8:30 PM EST, ABC – Line: Celtics -6.5, Over/Under: 207.5
As the scene shifts to Beantown, the top-seeded Miami Heat and the Boston Celtics clash once again to break the deadlock tonight in Game Three of this Eastern Conference Final, from TD Garden in Boston, Massachusetts. After pouncing on a shorthanded opponent in Game One, the Heat (53-29, 1st in Eastern Conference) appear to have lost much of the good will that they had built up on Tuesday night, and all it took was an embarrassing 127-102 meltdown in Game Two, which turned out to be the fourth-largest home defeat ever suffered in franchise playoff history. So, after taking the series lead two days beforehand, what in the name of Rony Seikaly happened to Miami, you ask? Well, we’ll get into the reinforcements that Boston received in a bit, but in regard to the hosts, their typically vaunted defense failed them MISERABLY. In Game One, (Head Coach) Erik Spoelstra’s troops did a solid job of containing the Celtics throughout the contest, limiting them to 45.6% shooting from the field, including 11-of-34 from beyond the arc (32.4%), while forcing sixteen turnovers, which they managed to parlay into nineteen points. Furthermore, they all but shut them down throughout an insane 39-14 third quarter, in which the hosts unleashed a stunning 22-2 run; the Heat netted 11-of-22 attempts from the field (50.0%) during the period, all the while controlling the game from the charity stripe where they knocked down 14-of-17 free-throws (82.4%). On the other hand, Boston could muster a dismal 2-of-15 shooting in the stanza (13.3%), including 0-of-7 from downtown (0.0%), committing FOUR times as many turnovers as field goals. Unfortunately, Thursday night’s encounter went in a very different direction, as it was clear that Miami had ZERO answers for the visiting side; the Celtics shot 51.2% overall and 20-of-40 from three (50.0%), igniting a 17-0 blitz in the first quarter to take control of the contest, as the home side struggled mightily on 9-of-24 shooting from the field (37.5%). Spoelstra’s charges would trail by as many as THIRTY-FOUR in this one, and by the time it was over found themselves at a considerable disadvantage in a number of categories, including three-pointers (-30), free-throws (-5), assists (-7), steals (-4), turnovers (-5) and points from (-11), along with fast break points (-4). We’ll provide further context on that cavalcade of treys shortly, but the biggest takeaway was literally the takeaways; after committing twelve turnovers in Game One, they gave it away fourteen times in its successor, which turned into TWENTY points for the visitors. Simply put, for a team that oftentimes gets bogged down within the halfcourt, Miami CANNOT afford to give the ball to their opponent, particularly when you consider the predicament that they find themselves in. As he has throughout this postseason, (All-Star Swingman) Jimmy Butler (21.4 PTS, 48.0% FG, 23.3% 3FG, 87.0% FT, 5.9 REB, 5.7 AST, 1.6 STL, 0.5 BLK, 23.6 PER) was effective, totaling twenty-nine points on an efficient 11-of-18 shooting from the floor (61.1%), along with six rebounds, three assists, and a steal, but the supporting cast around were decisively less so. Needless to say, it’s not a good sign when you get nearly thirty points from your top scorer, and yet you still manage to get throttled twenty-five points. At any point in these playoffs when the Heat have struggled offensively, it has been because the rest of the rotation have had a hard time creating for themselves or knocking down open shots, which was the case on Thursday night; outside of Butler, the home side accounted for seventy-three points on 39.7% shooting overall, with three-fifths of the starting lineup, namely Bam Adebayo (19.1 PTS, 55.7% FG, 75.3% FT, 10.1 REB, 3.4 AST, 1.4 STL, 0.8 BLK, 21.8 PER), Max Strus (10.6 PTS, 44.1% FG, 41.0% 3FG, 79.2% FT, 3.0 REB, 1.4 AST, 12.7 PER), and P.J. Tucker ((7.6 PTS, 48.4% FG, 41.5% 3FG, 73.8% FT, 5.5 REB, 2.1 AST, 0.8 STL, 11.3 PER) combining for just seventeen points on 7-of-19 shooting (36.8%). Granted, the rotation has been shortened due to the absence of (Veteran Guard) Kyle Lowry (13.4 PTS, 44.0% FG, 37.7% 3FG, 85.1% FT, 7.5 AST, 1.1 STL, 15.0 PER), who has missed eight of the last nine games with a nagging hamstring strain. Tucker appeared to join him on the trainer’s table with a bulky knee, while Strus and Gabe Vincent (8.7 PTS, 41.7% FG, 36.8% 3FG, 81.5% FT, 1.9 REB, 3.1 AST, 0.9 STL, 10.6 PER) are dealing with hamstring maladies of their own. What a time it is for things to crumble for the Heat, who spent many of their resources last summer acquiring veteran support such as Lowry and Tucker for matchups just like the one they currently face. Both players possess championship experience, along with perimeter shot making and a dogged mentality on defense, and if they miss significant time moving forward, then it is hard to envision this series lasting beyond five games. Indeed, it’s rather ironic that a team that certainly benefitted from the misfortune of their previous two opponents has now run into an injury crisis of their own. So, where does Spoelstra turn as this affair transitions north, you ask? Well, (newly-minted Sixth Man of the Year) Tyler Herro (20.7 PTS, 44.7% FG, 39.9% 3FG, 86.8% FT, 5.0 REB, 4.0 AST, 0.7 STL, 16.2 PER) must play a greater role moving forward, while a revitalized Victor Oladipo (12.4 PTS, 47.9% FG, 41.7% 3FG, 73.7% FT, 2.9 REB, 3.5 AST, 0.6 STL, 16.8 PER) is going to have to channel the form that made him an All-Star three years ago. The tandem combined for twenty-five points off the bench in Game Two, though the former was shut out from the perimeter (0-of-3 3FG), and much of the latter’s production came from the charity stripe (9-of-10). Despite his prolific production, Butler can’t do it all on his own, particularly against Boston’s defense at full strength, and BOTH of these guys will be counted upon to pick up the slack, for falling down 2-1 with another game to be contested at the Garden does not bode well for Miami.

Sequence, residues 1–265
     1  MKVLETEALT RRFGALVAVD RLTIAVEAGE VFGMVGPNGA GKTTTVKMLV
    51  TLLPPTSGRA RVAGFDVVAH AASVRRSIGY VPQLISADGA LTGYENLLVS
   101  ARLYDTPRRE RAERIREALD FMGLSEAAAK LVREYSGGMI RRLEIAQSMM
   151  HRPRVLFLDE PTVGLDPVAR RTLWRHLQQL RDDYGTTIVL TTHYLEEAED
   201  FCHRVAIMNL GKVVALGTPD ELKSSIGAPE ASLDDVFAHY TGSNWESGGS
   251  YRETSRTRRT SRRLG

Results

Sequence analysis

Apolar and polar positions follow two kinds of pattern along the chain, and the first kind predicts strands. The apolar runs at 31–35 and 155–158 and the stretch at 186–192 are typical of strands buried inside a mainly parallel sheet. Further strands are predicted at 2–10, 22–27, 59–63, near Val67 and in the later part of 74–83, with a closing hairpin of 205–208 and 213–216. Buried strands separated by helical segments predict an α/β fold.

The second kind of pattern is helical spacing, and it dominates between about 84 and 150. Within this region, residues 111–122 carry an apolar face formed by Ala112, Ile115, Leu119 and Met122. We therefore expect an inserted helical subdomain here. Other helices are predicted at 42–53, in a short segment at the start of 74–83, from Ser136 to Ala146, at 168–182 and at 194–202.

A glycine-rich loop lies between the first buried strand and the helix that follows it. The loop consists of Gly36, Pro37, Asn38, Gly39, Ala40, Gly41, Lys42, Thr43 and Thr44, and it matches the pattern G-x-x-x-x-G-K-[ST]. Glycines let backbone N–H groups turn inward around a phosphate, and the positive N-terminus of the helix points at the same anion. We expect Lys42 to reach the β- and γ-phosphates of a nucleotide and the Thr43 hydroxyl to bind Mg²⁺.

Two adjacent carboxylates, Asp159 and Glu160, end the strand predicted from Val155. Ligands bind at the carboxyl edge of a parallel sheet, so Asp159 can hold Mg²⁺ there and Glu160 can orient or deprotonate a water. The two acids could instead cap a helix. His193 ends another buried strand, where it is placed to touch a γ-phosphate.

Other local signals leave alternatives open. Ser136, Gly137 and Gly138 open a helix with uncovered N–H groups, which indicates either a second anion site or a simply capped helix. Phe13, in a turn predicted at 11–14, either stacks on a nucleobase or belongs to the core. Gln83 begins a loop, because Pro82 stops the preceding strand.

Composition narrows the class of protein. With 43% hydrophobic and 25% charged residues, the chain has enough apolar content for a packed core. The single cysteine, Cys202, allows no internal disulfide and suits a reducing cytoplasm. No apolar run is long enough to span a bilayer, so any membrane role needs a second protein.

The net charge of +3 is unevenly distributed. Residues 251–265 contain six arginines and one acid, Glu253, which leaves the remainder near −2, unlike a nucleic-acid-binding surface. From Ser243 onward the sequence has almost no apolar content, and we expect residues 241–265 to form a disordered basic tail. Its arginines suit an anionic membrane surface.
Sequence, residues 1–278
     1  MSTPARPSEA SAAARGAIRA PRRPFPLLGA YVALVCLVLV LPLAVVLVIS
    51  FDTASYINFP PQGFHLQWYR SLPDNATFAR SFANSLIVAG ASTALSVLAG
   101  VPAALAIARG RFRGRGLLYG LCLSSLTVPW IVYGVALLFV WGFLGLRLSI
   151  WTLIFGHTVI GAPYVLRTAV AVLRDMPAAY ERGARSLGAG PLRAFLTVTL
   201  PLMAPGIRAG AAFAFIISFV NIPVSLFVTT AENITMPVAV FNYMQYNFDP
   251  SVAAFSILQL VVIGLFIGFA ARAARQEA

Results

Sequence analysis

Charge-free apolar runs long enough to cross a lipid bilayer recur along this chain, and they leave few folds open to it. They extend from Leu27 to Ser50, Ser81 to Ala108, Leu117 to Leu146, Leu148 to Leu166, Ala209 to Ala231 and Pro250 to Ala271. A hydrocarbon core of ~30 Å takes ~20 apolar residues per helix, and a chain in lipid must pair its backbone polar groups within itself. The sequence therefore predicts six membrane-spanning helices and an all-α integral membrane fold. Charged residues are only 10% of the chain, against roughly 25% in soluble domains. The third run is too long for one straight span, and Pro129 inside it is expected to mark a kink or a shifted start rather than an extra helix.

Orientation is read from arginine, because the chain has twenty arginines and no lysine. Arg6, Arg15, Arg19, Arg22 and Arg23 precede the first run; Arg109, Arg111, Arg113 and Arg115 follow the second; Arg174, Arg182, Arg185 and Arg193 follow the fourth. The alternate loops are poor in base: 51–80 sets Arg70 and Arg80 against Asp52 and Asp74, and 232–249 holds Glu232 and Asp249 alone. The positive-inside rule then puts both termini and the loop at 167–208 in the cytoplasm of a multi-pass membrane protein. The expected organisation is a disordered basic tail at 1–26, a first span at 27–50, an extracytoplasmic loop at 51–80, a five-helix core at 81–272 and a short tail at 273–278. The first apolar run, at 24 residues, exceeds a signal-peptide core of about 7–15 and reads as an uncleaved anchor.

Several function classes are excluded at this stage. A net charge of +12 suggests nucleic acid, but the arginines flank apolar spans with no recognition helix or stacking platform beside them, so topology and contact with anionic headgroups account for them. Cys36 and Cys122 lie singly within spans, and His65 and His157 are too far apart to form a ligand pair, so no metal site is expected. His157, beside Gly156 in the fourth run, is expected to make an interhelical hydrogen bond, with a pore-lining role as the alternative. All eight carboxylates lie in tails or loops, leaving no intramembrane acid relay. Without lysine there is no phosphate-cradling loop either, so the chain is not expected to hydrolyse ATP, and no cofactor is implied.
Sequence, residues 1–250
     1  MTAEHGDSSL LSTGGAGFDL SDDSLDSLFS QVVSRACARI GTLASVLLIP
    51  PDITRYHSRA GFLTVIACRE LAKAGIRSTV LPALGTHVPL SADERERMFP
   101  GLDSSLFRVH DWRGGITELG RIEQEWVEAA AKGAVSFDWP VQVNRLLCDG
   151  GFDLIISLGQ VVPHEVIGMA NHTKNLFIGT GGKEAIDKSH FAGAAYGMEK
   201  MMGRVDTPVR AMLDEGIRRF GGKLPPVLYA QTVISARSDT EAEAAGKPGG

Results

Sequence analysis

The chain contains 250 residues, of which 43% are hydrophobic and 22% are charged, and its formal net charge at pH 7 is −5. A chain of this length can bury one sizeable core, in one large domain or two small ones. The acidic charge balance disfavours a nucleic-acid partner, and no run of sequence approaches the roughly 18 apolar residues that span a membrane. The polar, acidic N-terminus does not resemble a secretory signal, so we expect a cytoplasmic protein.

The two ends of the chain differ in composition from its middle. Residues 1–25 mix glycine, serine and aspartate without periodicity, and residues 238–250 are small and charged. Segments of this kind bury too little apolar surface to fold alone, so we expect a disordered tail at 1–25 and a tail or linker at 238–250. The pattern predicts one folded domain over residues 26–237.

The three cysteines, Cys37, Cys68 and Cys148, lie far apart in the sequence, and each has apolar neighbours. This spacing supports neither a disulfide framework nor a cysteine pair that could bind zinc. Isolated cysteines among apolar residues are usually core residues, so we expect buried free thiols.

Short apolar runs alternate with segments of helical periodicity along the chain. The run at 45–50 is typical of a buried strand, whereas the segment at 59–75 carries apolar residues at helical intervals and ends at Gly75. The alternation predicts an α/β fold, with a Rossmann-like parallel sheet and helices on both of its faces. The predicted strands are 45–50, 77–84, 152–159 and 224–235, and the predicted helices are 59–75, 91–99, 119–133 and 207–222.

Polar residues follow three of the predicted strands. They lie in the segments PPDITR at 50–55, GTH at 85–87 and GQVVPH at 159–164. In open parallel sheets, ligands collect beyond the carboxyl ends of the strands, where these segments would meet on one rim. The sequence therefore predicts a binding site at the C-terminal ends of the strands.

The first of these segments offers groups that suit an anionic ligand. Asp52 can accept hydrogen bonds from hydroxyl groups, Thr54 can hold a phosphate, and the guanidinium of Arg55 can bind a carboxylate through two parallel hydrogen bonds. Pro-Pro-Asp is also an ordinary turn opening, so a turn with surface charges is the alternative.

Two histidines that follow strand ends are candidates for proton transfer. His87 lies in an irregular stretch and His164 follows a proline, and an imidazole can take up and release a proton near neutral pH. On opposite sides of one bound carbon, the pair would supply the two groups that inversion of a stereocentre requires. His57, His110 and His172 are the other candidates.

Meanwhile, after the events of Thursday night’s watershed 127-102 thrashing of the Heat, there is a sense of Deja vu surrounding the Celtics (51-31, 2nd in Eastern Conference), who for the second consecutive series stormed back to tie the affair following a disappointing performance in the opener. After losing Game One of the Eastern Conference Semifinals to the Bucks (101-89), Boston roared back in Game Two (109-86) thanks in large part to an avalanche of three-pointers, nailing 20-of-43 attempts from beyond the arc (46.5%) for a seismic 51-point advantage. Fast forward to this week’s Eastern Conference Final, and the script has played out in a strikingly similar fashion; (Head Coach) Ime Udoka’s troops fell to Miami in a 118-107 affair on Tuesday night, only to turn right around and bury their opponent under a flood of treys, hitting 20-of-40 from downtown (50.0%) en route to besting the hosts by THIRTY points in that regard. So, what changed for the Celtics, you ask? Well, apart from simply making the shots that were afforded to them by one of the stingiest defenses in the Association, it certainly helped to return to full strength as (veteran Forward) Al Horford (10.2 PTS, 46.7% FG, 33.6% 3FG, 84.2% FT, 7.7 REB, 3.4 AST, 0.7 STL, 1.3 BLK, 16.7 PER) and (newly-minted Defensive Player of the Year) Marcus Smart (21.1 PTS, 41.8% FG, 33.1% 3FG, 79.3% FT, 3.8 REB, 5.9 AST, 1.7 STL, 13.6 PER) were both activated after missing Game One. Following that bloodbath with Milwaukee, Smart suffered a bruised foot, which kept him from participating after such a quick turnaround, while Horford suddenly became subject of the NBA’s Health and Safety Protocols, robbing the club of two starters in a series that demanded their availability. Both players are heady veterans who bring a lot to the table on both ends of the hardwood, though for all intents and purposes it is Smart who is the leader of this team, and his presence was evident quickly in Game Two. Though they fell by behind by as many as ten points early in the first quarter, the visitors would not trail again that night, eviscerating the hosts thanks to a 17-0 explosion that placed the encounter firmly in their favor; the Celtics shot a blistering 12-of-19 in the opening period (63.2%), including an insane 9-of-11 from three (81.8%), led by (All-Star Swingman) Jaylen Brown (23.6 PTS, 47.3% FG, 35.8% 3FG, 75.8% FT, 6.1 REB, 3.5 AST, 1.1 STL, 18.9 PER), who poured in eleven of his twenty-four points in the quarter, draining each of three triples along the way. Running their lead to as many as THIRTY points, Boston was nothing short of ruthless in this affair swarming and turning over the home side and making them pay dearly for their mistakes; as we stated earlier, the visitors owned an 11-point advantage in points off turnovers, logging twenty on the night. And then there was the battle at the charity stripe, where after watching the Heat calmly sink 30-of-34 free-throws (88.2%) on Tuesday, Udoka would not suffer a sequel. Miami was much more palatable 16-of-22 from the line (72.7%), which was yet another indicator that the game was played at the pace of Boston’s liking, as they sped their opponent up and took them out of their comfort zone. At the end of the contest, six different players scored in double-figures for the Celtics, led by (All-Star Swingmen) Jayson Tatum (26.9 PTS, 45.3% FG, 35.3% 3FG, 85.3% FT, 8.0 REB, 4.4 AST, 1.0 STL, 0.6 BLK, 21.8 PER), who after totaling twenty-nine points on 10-of-21 shooting (47.6%) in Game One, nearly matched that output with twenty-seven points on a much more efficient 9-of-17 shooting (52.9%) in Game Two. However, the difference between the two performances was that ascendant superstar committed seven turnovers in the opener, including SIX during that fateful third quarter, in comparison to giving away the basketball on just three occasions in its successor. (Backup Forward) Grant Williams (7.8 PTS, 47.5% FG, 41.1% 3FG, 90.5% FT, 3.6 REB, 1.0 AST, 0.5 STL, 0.7 BLK, 11.2 PER), who was the hero of their Game Seven triumph over the reigning champions, made his presence felt with nineteen points off the bench, while (Backup Guard) Payton Pritchard (6.2 PTS, 42.9% FG, 41.2% 3FG, 100.0%, 1.9 REB, 2.0 AST, 15.0 PER) followed up a solid showing on Tuesday (18 PTS, 5 REB, 4 AST), with ten points on 4-of-8 shooting (50.0%), and a pair of rebounds and assists. For those wondering, Horford was steady if unspectacular with ten points on a perfect 4-of-4 shooting (100.0%), three rebounds, and three assists in just over thirty-two minutes of action. With all that said, the most noticeable difference was Smart, who nearly amassed a triple-double with twenty-four points on 8-of-22 shooting (36.4%) and netting 5-of-12 from deep (41.7%), along with nine rebounds and a dozen assists, all the while offering the image of the night as he disrespectfully shook the aforementioned Strus to the floor before burying a midrange jumper. The victory continued a trend of rebounding from defeat for the Celtics, who have yet to lose back-to-back games in these playoffs and have experienced that sensation just once since late January.